Science — He loves science, and I would wager that he’s way ahead of his peers in his subject, but we’ve never used a curriculum in science. My husband and I thought it would be a good time to start, and we picked out Elemental Science Biology for the Logic Stage. This is a middle school secular science curriculum for homeschoolers, and we’ve just started it, but so far, my son likes it. And it’s actually going to give him some reading and writing practice (Shhh! Don’t tell him!), although I’m not making him do as much writing as the curriculum requires. (After all, he’s only in the 3rd grade.)

Music history — We’re going to keep reading about famous composers. We’re finishing up Meet the Great Composers Book 1 and about to move into Book 2. After we finish this, I’d like to find some more in-depth biographies of his favorite composers.

News/current affairs — We both love reading the news from the News-O-Matic app, which you can download onto an Apple or Android device. It’s definitely for kids, so I wouldn’t read it on my own, but I enjoy the stories too.

Piano — My nine-year-old will also be practicing piano everyday and having a lesson at least once a week.

**On top of this, both my boys will be attending a week-long day camp at the Botanical Garden this summer. **🙂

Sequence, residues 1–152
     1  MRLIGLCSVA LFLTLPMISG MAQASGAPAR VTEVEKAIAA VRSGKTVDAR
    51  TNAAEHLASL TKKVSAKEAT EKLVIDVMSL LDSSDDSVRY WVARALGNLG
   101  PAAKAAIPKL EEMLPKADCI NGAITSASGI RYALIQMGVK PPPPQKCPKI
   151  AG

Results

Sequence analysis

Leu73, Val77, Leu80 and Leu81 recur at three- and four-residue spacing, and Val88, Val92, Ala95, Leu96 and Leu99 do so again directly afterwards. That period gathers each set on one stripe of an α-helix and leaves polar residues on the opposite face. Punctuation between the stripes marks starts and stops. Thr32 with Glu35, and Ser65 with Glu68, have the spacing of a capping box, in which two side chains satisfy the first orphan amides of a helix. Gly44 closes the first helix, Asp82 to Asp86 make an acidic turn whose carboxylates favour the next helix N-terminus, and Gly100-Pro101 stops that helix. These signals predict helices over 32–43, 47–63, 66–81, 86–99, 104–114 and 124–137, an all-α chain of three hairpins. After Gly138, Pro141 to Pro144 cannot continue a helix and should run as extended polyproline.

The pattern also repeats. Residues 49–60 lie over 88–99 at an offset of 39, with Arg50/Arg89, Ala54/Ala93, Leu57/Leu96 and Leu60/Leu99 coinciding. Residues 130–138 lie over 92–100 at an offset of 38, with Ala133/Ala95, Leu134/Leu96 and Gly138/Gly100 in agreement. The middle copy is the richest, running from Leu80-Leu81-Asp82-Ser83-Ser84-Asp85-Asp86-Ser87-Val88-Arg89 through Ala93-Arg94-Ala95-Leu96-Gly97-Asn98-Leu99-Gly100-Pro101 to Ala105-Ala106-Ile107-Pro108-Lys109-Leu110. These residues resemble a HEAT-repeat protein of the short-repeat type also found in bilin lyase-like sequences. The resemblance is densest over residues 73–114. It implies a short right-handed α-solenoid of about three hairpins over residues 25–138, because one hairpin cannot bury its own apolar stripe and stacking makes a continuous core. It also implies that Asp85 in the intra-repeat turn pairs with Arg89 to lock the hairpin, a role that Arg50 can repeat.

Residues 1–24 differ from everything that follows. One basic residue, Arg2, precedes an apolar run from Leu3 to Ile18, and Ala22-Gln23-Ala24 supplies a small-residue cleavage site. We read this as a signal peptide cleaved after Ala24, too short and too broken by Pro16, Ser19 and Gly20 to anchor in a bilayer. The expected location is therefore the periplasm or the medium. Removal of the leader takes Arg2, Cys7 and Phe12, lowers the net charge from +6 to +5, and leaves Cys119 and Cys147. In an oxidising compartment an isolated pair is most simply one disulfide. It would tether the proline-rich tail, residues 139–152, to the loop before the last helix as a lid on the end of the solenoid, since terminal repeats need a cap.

Six-year-old picks:

Star Wars 1st grade Workbooks — Math, Reading and Writing Skills Can you believe it?! He wants to do workbooks! He might change his mind after he realizes that they are harder than the kindergarten workbooks he finished earlier this year, but I’m still super impressed that he picked these.

(What he didn’t pick was the Singapore Math, Handwriting Without Tears workbook, and reading lessons on Starfall.com and in the Starfall workbook. I guess since I picked those, they aren’t as fun as these workbooks which cover almost the same stuff. ;))

The six-year-old is also working on a project right now: a model of a barn owl. If it gets finished, I’ll blog about it.

Mama’s picks:

There are a few things I feel it’s important to continue with the boys throughout the summer, and that’s…

Readalouds — I’ll be picking some good literature and maybe history books to read to the boys this summer.😉

Memorizing the multiplication tables — We didn’t get very far yet, and I’m afraid after our short break, the boys have already forgotten the 3s and 4s! So we’ll continue to work on this a few minutes each day.

Art — I plan to continue Art Fridays this summer, and I’m hoping since we’re going light on lessons, I’ll have more time to plan art projects and art history lessons!

General Practice for the nine-year-old — We signed the nine-year-old up for Time4Learning so that he can review and get general practice in math and language arts. UPDATE: We ditched this because we just weren’t using it, and I found an app on the iPad I love and the boys like, so we’re using it instead. It’s the 24×7 Digital TeachMe Apps.

What are your homeschooling plans for the summer?